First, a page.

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Auditory Imagination in Yeats’ ‘The Wild Swans at Coole’ (stanza 1).

‘The Wild Swans at Coole’ begins

The trees are in their autumn beauty,
The woodland paths are dry,
Under the October twilight the water
Mirrors a still sky;
Upon the brimming water among the stones
Are nine-and-fifty swans.

I’ve loved it since school days, when I used to carry Norman Jeffares’ Selected Poetry by Yeats around with me and read it repeatedly. I can’t remember just what I liked about this particular poem then but my feeling for it now crystallises around the beauty of its sound, especially in this first stanza, and around the strange way some of its words and phrases seem to … Continue Reading

Prufrock – metre?

I’ve been banging my head against a wall trying to get some kind of grasp on why the metre of ‘Prufrock’ works so well and just can’t do it. Perhaps if I just try to describe it in the poem’s first few lines I’ll get to some kind of conclusion.

First, what general impression does it give? Though what’s described is a mood of futility, frustration and failure of will, the opening sentence unfolds with a supple, sinewy forward momentum that can sound almost buoyant:

Let us go then, you and I,
When the evening is spread out against the sky
Like … Continue Reading

Inspiring form

I was very struck by this passage from an interview with Thom Gunn, quoted by Lisa McCabe on Twitter. It’s the most complete statement I’ve seen of something that I imagine will be dimly felt by everyone who tries to write seriously in a technically challenging way. Asked what the constriction of a pre-determined form pressed him (or one) to do, Gunn answered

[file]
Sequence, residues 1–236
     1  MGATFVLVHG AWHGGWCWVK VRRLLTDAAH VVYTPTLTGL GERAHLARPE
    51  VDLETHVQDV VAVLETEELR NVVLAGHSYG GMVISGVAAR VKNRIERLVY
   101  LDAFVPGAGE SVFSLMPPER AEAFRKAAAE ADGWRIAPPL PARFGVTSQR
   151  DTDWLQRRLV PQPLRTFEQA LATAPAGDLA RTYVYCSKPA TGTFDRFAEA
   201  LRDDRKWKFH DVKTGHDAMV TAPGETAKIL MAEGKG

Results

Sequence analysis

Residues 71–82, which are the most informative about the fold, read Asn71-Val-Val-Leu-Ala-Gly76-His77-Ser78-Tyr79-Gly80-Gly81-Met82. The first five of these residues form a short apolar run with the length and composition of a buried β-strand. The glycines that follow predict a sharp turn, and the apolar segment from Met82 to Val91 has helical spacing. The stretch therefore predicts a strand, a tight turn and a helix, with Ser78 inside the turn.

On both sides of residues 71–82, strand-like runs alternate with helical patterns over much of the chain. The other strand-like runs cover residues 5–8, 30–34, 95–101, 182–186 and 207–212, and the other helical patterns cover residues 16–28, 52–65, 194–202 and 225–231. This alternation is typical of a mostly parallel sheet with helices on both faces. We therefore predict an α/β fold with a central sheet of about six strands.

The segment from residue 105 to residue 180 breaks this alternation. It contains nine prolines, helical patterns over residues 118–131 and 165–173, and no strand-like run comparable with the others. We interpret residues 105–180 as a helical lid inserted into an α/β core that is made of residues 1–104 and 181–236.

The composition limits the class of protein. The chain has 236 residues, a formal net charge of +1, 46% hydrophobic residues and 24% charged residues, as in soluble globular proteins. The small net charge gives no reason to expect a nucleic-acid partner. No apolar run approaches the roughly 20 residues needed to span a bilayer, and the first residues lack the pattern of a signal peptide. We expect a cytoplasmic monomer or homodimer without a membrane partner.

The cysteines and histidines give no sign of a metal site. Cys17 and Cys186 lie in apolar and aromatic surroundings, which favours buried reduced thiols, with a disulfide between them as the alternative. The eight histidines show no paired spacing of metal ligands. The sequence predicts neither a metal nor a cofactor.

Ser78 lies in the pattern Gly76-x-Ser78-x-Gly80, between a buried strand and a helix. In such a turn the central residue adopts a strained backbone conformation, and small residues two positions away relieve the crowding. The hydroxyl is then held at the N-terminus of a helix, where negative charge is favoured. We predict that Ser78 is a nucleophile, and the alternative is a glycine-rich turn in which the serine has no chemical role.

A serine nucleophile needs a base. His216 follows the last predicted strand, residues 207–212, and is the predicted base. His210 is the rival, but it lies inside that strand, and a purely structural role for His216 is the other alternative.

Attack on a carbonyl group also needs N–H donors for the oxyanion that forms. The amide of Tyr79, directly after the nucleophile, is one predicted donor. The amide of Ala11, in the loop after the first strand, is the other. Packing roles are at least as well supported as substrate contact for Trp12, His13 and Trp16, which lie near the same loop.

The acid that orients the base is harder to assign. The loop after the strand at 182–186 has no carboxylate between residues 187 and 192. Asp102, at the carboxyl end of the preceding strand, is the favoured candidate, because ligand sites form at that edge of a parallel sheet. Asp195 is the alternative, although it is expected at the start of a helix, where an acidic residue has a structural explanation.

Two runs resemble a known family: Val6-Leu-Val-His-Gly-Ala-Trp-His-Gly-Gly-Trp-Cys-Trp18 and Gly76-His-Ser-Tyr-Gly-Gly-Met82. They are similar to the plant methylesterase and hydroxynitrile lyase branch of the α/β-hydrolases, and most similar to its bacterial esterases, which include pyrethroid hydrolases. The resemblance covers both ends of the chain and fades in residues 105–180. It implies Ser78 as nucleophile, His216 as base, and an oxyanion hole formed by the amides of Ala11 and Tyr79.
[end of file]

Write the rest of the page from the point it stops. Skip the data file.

It presses you to explore the subject. That’s the simple answer. It presses you to explore everything: the subject itself, your reactions to it, to explore language. There’s a fascinating thing that happens with the need … Continue Reading

Picture Poetry

For me, one of the keenest sensuous pleasures in poetry is the active sense that patterns of sound and syntax and rhythm are emerging as I read, solidifying into what Ezra Pound called “a shape cut into time” (in longer poems it may be more like a series of shapes melting into each other). I’ve just realised that this is why most so-called shape poetry or picture poetry or concrete poetry does so little for me.

Sensing a shape cut into time involves a kind of mental shift that I’d guess depends on the coming together of different parts of the … Continue Reading

Rhythm and syntax: my problem with “The Beautiful Librarians”

You can read both Sean O’Brien’s “The Beautiful Librarians” and Carol Rumens’ enthusiastic commentary in The Guardian by clicking here.

It’s a poem that falls curiously dead for me. It’s not that it lacks beauty and vigour of phrasing, that I don’t see the subtleties of thought and implication that Rumens describes, or that I’m out of sympathy with its attitudes and feelings. If I let my eyes drift over it, letting odd phrases come into focus in a fragmentary way, I feel a kind of prickling of incipient pleasure and excitement. As soon as I actually read it, … Continue Reading